The 29-year-old Londoner predicts a "dramatic" early conclusion to his showdown with the wily American veteran John Ruiz in Manchester tomorrow night.
Ruiz has been knocked out just once in 54 contests, slumping to a first-round defeat to David Tua in 1996, and is respected for his durability. For Haye, an opponent who went 36 rounds with Evander Holyfield over three fights a decade ago provides the perfect opportunity to prove he belongs in the heavyweight division.
"I believe that pound for pound I'm the hardest puncher in the world and this will be a great indication of that," said the former undisputed cruiserweight champion. "John Ruiz got stopped 14 years ago when he was caught cold early in the fight by one of the biggest punchers out there. Stuff like that happens, but since then he hasn't shown any signs of having a weak punch defence. I'm looking to make a statement in this fight, going out there and doing something dramatic. I think people will be shocked.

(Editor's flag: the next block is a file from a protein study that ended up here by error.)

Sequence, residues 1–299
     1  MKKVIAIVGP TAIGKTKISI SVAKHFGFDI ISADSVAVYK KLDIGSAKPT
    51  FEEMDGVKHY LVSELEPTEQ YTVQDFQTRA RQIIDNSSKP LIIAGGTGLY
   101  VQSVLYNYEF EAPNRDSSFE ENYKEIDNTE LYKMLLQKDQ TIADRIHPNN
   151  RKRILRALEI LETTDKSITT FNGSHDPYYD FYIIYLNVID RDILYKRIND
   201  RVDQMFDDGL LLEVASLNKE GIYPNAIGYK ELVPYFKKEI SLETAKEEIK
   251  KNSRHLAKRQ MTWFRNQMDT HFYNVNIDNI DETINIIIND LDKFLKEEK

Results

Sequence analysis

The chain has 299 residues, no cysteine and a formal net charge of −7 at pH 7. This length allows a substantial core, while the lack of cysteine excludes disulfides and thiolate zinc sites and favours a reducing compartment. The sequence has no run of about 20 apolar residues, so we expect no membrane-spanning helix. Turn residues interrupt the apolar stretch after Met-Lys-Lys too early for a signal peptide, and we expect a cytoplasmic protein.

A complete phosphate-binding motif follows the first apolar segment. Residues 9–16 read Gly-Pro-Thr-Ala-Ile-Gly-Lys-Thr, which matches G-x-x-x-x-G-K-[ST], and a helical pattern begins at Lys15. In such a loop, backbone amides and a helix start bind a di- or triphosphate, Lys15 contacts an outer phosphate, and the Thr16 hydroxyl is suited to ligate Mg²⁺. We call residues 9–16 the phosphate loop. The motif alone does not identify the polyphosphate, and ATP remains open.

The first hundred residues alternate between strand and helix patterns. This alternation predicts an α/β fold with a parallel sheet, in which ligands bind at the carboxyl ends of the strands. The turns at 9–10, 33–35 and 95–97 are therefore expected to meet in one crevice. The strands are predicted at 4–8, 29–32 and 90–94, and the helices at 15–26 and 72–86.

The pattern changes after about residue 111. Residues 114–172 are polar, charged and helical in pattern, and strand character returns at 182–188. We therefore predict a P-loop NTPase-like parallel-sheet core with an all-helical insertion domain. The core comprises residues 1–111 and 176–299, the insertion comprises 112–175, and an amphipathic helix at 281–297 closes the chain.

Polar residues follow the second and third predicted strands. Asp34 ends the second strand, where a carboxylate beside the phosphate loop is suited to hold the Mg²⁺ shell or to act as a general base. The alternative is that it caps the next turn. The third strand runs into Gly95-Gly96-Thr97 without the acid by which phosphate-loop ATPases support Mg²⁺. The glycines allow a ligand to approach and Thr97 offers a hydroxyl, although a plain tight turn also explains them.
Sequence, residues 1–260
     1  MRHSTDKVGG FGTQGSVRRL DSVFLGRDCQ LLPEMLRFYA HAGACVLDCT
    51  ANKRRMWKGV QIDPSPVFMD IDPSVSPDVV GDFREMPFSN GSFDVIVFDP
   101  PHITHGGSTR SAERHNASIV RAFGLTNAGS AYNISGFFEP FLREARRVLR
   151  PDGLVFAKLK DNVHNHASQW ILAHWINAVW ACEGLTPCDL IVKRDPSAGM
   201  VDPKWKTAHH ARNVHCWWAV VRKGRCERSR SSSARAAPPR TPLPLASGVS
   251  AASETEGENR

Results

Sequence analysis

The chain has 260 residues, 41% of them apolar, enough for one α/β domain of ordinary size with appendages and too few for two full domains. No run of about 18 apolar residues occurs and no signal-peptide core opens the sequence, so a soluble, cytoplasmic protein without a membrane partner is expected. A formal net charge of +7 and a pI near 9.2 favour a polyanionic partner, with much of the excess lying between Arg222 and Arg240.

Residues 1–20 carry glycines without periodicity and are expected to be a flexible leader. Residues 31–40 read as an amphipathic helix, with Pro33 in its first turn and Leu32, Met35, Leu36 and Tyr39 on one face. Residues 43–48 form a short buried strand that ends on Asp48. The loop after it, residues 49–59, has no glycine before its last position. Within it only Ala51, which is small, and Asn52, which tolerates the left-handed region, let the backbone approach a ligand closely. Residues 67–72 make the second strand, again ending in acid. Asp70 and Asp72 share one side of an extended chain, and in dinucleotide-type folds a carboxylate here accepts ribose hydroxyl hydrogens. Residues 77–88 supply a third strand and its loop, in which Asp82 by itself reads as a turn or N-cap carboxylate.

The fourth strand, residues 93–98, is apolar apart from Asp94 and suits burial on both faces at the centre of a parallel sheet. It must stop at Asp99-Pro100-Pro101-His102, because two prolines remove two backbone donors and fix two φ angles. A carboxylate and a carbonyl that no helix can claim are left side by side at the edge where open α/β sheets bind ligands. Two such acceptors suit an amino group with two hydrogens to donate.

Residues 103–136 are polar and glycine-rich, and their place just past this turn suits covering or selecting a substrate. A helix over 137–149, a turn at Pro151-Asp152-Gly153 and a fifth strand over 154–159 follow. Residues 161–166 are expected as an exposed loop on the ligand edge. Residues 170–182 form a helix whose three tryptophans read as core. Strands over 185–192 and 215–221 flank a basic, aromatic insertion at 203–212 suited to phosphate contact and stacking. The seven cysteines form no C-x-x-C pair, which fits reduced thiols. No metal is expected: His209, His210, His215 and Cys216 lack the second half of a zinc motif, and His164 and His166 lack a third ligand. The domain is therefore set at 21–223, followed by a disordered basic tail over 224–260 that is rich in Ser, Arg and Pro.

"As the heavyweight champion everyone is coming at me stronger than ever before. They all want to rip my title from me. I'm aware of that and they say it's harder to hold on to a title than to win it."
Haye, who has ended 21 of his 23 contests early with a knockout rate of 88 per cent, predicts the fight will finish inside the distance. "I've trained for 12 hard rounds but I want it to be less," he said. "I don't believe that, on my day, anyone in the world can take the punishment I'm willing to dish out for 12 rounds."
Ruiz, known as the 'Quietman', is in great shape and has exuded a steely determination all week.
"A lot of people say they're going to knock me out and put me six feet under, I've heard it all," he said. "There's no need for verbal abuse. Boxing is about fighting and that's what we'll do on Saturday."